This is the ONE thing that is so uniform across countries, races, religion and every kind of (other categories of) people, SO uniform that this question unites us all - Why does airplane food taste so(ooooo) bad?
What better to do than eat-and-read or eat-and-watch-a-movie or eat-and-sleep in an airplane that you're stuck in for hours? The food almost feels like they sucked the moisture and taste right out of it - and, if we were to taste disappointment, it would taste exactly like it.
Who should we blame? Turns out, our taste buds are the real culprits.
“At 35,000 feet, the first thing that goes is your sense of taste. The quality of the food and its ingredients isn't to blame, it's the way you experience it." explained Grant Mickels, the executive chef for the culinary development of Lufthansa's LSG Sky Chefs.
Now we know a Lufthansa chef giving a reason that blames our taste buds (of ALL things) multiplies our doubts and is REALLY suspicious. Lame blame, right?
But relax your trust issues, looks like it has been tested and proven. (Sorry, Lufthansa guy)
The dish that tastes sumptuous in a fine-dining restaurant is bound to taste dull (or like disappointment, as already discussed) up in the air.
It's even been tested: The Fraunhofer Institute, a research organization based in Germany, did a study on why a dish that would be delicious in a fine dining restaurant could be "so dull in the air."
Researchers tried tasting ingredients at sea levels and in pressurized conditions and the differences in taste was astonishing!
In a mock aircraft cabin, researchers tried out ingredients at both sea level and in a pressurized condition and the tests revealed that the cabin atmosphere pressurized at 8,000 feet "makes your taste buds go numb, almost as if you had a cold."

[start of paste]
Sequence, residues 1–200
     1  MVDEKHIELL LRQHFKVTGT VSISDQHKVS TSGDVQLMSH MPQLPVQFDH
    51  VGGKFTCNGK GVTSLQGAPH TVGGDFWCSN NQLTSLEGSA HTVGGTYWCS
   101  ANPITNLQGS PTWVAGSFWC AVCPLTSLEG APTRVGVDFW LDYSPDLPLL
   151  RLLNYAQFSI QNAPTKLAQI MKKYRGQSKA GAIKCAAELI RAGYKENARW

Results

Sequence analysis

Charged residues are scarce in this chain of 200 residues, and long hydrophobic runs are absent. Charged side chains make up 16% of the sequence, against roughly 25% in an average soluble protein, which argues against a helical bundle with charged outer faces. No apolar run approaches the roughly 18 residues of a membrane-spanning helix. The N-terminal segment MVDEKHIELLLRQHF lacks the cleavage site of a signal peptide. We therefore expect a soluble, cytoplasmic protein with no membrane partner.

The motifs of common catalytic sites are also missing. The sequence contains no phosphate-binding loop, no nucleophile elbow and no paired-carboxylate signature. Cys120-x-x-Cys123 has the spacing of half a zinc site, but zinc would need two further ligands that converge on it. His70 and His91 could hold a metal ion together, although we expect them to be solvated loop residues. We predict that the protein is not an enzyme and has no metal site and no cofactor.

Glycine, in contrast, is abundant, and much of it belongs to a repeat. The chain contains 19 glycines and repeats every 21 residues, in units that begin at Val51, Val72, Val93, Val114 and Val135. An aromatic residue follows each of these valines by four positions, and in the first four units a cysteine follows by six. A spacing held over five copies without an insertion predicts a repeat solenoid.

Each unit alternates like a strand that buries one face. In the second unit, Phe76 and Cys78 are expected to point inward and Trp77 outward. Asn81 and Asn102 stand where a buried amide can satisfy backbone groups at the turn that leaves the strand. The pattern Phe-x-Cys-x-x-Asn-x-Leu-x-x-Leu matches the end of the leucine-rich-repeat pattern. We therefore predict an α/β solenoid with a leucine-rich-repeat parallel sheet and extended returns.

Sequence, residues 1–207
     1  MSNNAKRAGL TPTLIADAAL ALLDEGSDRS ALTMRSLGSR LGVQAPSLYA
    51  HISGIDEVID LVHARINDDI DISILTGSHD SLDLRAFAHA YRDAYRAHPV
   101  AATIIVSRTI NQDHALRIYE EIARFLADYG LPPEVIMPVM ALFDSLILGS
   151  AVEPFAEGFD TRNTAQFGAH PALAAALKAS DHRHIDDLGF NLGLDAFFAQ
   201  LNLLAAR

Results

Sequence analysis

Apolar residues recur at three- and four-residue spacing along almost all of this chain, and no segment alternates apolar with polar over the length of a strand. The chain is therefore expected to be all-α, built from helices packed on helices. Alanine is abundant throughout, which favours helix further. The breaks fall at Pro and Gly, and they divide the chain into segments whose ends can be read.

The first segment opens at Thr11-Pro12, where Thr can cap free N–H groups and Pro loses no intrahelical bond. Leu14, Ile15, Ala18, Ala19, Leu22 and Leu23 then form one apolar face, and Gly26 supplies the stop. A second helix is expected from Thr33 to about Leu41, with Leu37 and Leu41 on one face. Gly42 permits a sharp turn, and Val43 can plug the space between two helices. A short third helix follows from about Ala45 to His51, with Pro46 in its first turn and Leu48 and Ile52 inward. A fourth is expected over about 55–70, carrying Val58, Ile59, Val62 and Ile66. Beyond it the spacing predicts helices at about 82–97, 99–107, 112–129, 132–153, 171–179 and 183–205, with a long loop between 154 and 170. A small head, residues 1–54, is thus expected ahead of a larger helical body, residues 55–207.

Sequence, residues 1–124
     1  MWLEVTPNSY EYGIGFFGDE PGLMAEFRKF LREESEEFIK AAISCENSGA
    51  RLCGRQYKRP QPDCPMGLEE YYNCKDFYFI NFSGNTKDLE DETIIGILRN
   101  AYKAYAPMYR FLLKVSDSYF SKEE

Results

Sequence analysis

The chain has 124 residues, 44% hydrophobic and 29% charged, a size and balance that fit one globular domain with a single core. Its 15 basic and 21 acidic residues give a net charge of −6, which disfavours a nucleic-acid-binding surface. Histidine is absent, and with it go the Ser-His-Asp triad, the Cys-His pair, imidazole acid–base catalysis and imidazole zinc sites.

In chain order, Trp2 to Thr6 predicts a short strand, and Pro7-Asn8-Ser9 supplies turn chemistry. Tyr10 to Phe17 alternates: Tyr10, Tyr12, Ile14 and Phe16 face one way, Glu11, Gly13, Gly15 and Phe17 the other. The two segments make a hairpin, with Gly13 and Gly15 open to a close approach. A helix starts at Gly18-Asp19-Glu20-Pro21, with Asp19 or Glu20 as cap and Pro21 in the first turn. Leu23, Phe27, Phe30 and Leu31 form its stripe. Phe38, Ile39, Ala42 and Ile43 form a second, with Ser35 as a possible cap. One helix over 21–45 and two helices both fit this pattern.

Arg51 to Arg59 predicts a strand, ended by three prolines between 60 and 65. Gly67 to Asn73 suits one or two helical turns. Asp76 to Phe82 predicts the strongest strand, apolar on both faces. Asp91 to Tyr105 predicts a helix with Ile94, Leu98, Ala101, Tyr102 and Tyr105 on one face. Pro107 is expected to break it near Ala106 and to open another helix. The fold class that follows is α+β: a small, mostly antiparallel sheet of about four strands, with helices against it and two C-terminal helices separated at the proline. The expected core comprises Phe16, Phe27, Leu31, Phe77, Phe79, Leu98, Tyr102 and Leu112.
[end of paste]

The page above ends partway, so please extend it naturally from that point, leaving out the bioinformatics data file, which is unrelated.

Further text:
Our perception of saltiness and sweetness also drops by around 30 percent at high altitude.
Interestingly, the study found that we take leave of only our sweet and salty senses. Sour, bitter and spicy flavours are almost unaffected.
It also doesn't help that the decreased humidity in the cabin dries out your nose and dulls the olfactory (odour) sensors essential for tasting the flavor of an ingredient or dish.
At about 30,000 feet, humidity is less than 12%, which is drier than most deserts. It takes a toll on our sense of smell, and since for up to 80% of what people think is taste, is in fact smell, it contributes to the dull tasting food all the more.
Another contributing factor to the food that tastes like disappointment (sorry, can't get over it) may be the noise of the aircraft.
In a study published this past June in the Journal of Experimental Psychology, researchers found "that individuals subjected to the simulated noise of an aircraft cabin had a tougher time recognizing ‘sweet’ flavors than individuals trying the same flavors in otherwise normal conditions".
Even if the food tastes the exact opposite of delicious, and even if your taste buds are mostly at fault, the journey of the food from the catering kitchen to the plane also needs attention.
According to Harold McGee, a scientist and the author of On Food and Cooking: The Science and Lore of the Kitchen, "after the food is prepared, it's chilled and stored until it’s time to load it onto a truck and, finally, onto the plane where it's served to passengers, which could be hours later."
"When food gets warmed up to room temperature or above, it starts to deteriorate, and once it crosses a threshold - 160 degrees for meat, 140 degrees for fish - it is going to be dry and tough, no matter what you do."